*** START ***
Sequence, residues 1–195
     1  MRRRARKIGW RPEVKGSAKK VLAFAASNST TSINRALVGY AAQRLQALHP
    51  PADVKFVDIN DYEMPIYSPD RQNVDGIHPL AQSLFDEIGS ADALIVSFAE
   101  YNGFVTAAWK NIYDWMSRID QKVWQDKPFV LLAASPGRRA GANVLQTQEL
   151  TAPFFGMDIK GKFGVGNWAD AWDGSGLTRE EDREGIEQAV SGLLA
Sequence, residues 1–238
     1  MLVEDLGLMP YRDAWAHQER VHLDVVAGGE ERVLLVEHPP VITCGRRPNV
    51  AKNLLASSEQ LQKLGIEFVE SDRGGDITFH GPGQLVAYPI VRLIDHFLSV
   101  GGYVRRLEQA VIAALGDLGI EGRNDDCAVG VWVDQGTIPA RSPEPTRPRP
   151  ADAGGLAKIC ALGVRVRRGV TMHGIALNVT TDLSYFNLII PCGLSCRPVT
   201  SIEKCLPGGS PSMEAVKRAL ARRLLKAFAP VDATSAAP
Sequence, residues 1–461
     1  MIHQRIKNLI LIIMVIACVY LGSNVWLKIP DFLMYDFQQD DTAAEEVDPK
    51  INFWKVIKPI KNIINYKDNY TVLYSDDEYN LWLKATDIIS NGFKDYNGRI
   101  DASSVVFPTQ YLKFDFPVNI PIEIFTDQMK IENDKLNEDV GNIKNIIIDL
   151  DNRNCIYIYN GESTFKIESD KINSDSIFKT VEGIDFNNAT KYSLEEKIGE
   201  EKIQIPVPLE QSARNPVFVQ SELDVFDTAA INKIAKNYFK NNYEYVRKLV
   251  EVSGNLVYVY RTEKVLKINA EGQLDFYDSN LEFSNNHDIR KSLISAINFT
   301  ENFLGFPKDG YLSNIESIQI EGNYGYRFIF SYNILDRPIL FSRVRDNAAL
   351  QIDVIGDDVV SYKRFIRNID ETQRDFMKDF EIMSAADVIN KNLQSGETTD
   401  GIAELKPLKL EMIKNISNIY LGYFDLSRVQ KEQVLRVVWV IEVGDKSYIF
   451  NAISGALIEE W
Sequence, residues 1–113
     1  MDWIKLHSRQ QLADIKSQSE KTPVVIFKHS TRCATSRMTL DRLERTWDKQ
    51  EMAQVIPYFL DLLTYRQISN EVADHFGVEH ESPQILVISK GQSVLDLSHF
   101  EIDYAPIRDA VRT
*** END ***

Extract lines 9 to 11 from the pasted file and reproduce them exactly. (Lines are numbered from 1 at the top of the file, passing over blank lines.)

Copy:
   101  GGYVRRLEQA VIAALGDLGI EGRNDDCAVG VWVDQGTIPA RSPEPTRPRP
   151  ADAGGLAKIC ALGVRVRRGV TMHGIALNVT TDLSYFNLII PCGLSCRPVT
   201  SIEKCLPGGS PSMEAVKRAL ARRLLKAFAP VDATSAAP